Murasakino Wakuden Chakaseki
|Category||Cafe / Machiya Style|
Kyoto's long-established ryotei(*1) Murasakino Wakuden, the Sakaimachi location.
On the first floor is a gift shop where you can purchase sweets or savory dishes to go. At the back is the ryotei Muromachi Wakuden. The chakaseki or tea room is upstairs. Today we'll introduce to you the chakaseki on the second floor.
A chakaseki is like a cafe where you can enjoy green tea with Japanese sweets in a traditional Japanese atmosphere. Besides Japanese sweets or wagashi, you also have the option of a light meal.
Given that this is the tea room of an upscale restaurant, the atmosphere, service, products--everything--is different from an everyday cafe or coffee shop. Yet, the prices here are still reasonable.
If you want to experience extravagance without breaking the bank, we recommend Murasakino Wakuden.….
(*1) Ryotei : a particular type of high-class Japanese restaurant
The shop on the first floor sells sweets and other goods to take home or give as souvenirs (the custom of omiyage, a gift given to coworkers and family members after a trip, is an important part of Japanese culture). A staircase at the back leads to the tea room.
From this window you can view the courtyard. It's especially pretty in autumn with the changing leaves.
The snack is made of small black beans, which are roasted then sprinkled with zarame(*2).
(*2) Zarame : brown sugar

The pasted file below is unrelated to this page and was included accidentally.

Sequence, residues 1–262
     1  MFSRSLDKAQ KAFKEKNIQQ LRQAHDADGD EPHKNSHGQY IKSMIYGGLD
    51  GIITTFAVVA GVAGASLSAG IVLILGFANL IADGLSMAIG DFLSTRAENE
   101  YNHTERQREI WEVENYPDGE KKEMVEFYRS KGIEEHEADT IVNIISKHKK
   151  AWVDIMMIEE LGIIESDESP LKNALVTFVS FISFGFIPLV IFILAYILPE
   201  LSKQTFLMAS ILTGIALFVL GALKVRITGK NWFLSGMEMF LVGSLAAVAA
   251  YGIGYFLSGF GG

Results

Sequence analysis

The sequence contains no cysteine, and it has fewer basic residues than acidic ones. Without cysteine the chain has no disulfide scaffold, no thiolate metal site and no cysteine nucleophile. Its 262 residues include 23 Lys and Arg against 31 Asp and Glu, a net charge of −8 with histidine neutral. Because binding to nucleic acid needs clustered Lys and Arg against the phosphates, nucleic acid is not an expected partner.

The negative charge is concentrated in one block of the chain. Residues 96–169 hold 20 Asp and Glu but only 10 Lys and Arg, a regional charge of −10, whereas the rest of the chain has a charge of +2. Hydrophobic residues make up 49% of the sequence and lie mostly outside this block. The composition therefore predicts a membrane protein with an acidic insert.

On this visit, we ordered the "fresh, authentic warabi mochi (with maccha)".
Warabi mochi is a Japanese dessert made from starch, water, and sugar. Because bracken starch (taken from the root of the warabi plant(*3)) is used, the sweets are called "warabi mochi".
(*3) Warabi : Japanese bracken fern
Traditionally, warabi mochi are eaten chilled, but here at Wakuden, piping hot, freshly kneaded mochi are served on top of anko (red bean paste) and then covered in kinako (sweet soybean flour). Last but not least, on top they pour kuromitsu, otherwise known as molasses. Cold warabi mochi have the texture of gelatin, but served warm they are soft and chewy. This is the kind of deliciousness you only get fresh!
This is a dessert from the summer seasonal menu: "Roasted green tea sorbet with red bean". Unlike kakigoori (shaved ice) covered in syrup, this is frozen houjicha (roasted green tea) that has been turned into a sorbet. It is topped with large-grained tanbasan azuki(*4) and shiratama (small rice flour dumplings). Like a sophisticated version of kakigoori for adults :)
(*4) Tanba San Azuki : "Anko" made from red beans grown in "Tanba"
679 Marukizaimokucho, Nakagyo-ku, Kyoto city, Kyoto
|Open||11:30a.m. - 6:30p.m. Closed - 1/1|
|Access||5 minute walk from Subway KarasumaOike Station 7 minute walk from Subway Kyoto city hall Station|